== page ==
Throughout the exhibition, a wide range of topics address many different fascinating stories and personal histories. Francis explained the pieces thoughtfully and knowledgably. As we discussed each piece throughout the exhibition, themes of loss, power dynamics, resiliency, and repurposing, came up again and again. As well as the use of digital technologies to reimagine traditional art forms, and the humour in some of the pieces in the exhibition that are both meaningful and funny.

In discussing the Mary Ann Barkhouse pieces, Francis explained, “Humans behave as if the natural world is there just for us. We try to control and collect nature. But the natural world is resilient. And we need to think about our responsibility to it.”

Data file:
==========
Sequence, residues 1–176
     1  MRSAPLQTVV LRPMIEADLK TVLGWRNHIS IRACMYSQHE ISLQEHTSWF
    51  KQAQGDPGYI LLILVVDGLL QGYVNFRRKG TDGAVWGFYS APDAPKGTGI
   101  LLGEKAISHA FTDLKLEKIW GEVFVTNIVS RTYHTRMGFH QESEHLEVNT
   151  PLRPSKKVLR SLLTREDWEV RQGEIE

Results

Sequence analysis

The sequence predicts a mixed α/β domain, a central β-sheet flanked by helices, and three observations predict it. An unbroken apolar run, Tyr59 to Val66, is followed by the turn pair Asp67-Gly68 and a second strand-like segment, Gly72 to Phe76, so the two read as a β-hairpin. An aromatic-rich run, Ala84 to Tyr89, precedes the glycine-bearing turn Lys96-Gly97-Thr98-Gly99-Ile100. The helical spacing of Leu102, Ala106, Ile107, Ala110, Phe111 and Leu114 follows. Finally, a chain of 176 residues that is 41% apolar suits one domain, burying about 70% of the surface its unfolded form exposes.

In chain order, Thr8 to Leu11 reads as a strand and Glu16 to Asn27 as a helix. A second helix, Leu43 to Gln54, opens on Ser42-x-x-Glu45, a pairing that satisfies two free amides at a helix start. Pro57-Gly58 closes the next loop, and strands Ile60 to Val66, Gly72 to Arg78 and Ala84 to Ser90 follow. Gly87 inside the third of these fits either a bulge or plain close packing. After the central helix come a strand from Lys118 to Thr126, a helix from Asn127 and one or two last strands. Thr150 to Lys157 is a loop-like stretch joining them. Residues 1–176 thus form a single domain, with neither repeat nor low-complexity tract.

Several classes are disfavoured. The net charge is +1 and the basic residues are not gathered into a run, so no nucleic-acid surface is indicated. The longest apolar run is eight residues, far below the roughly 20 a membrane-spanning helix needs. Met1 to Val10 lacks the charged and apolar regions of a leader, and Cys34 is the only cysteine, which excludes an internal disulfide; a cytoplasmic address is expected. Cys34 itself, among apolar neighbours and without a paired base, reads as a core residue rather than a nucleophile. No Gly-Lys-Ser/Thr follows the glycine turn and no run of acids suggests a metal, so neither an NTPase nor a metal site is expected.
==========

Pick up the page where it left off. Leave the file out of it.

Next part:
The exhibition’s description says: Detouring the objects and settings of dwelling spaces, the exhibition addresses an underlying impossibility to fully adapt to or tame our environments in order to construct places where our bodies and psyches can seamlessly fit in.

Undomesticated will be on view until November 17, 2019. Admission is free. The Koffler Gallery is located at the Artscape Youngspace at 180 Shaw Street, Toronto. 

Artists: Mary Anne Barkhouse, Gwenaël Bélanger, Katherine Boyer, Sandra Brewster, Hannah Claus, Erika DeFreitas, Julie Favreau, Nicolas Fleming, Iris Häussler, Lucy Howe, Gunilla Josephson, Lewis Kaye, Valerie Kolakis, Carmela Laganse, Heather Nicol, Dainesha Nugent-Palache, Gord Peteran, Birthe Piontek, Yannick Pouliot, Adrienne Spier, Karen Tam, Kevin Yates, Shaheer Zazai, Shellie Zhang
Curator: Mona Filip / Art Director: Nicolas Fleming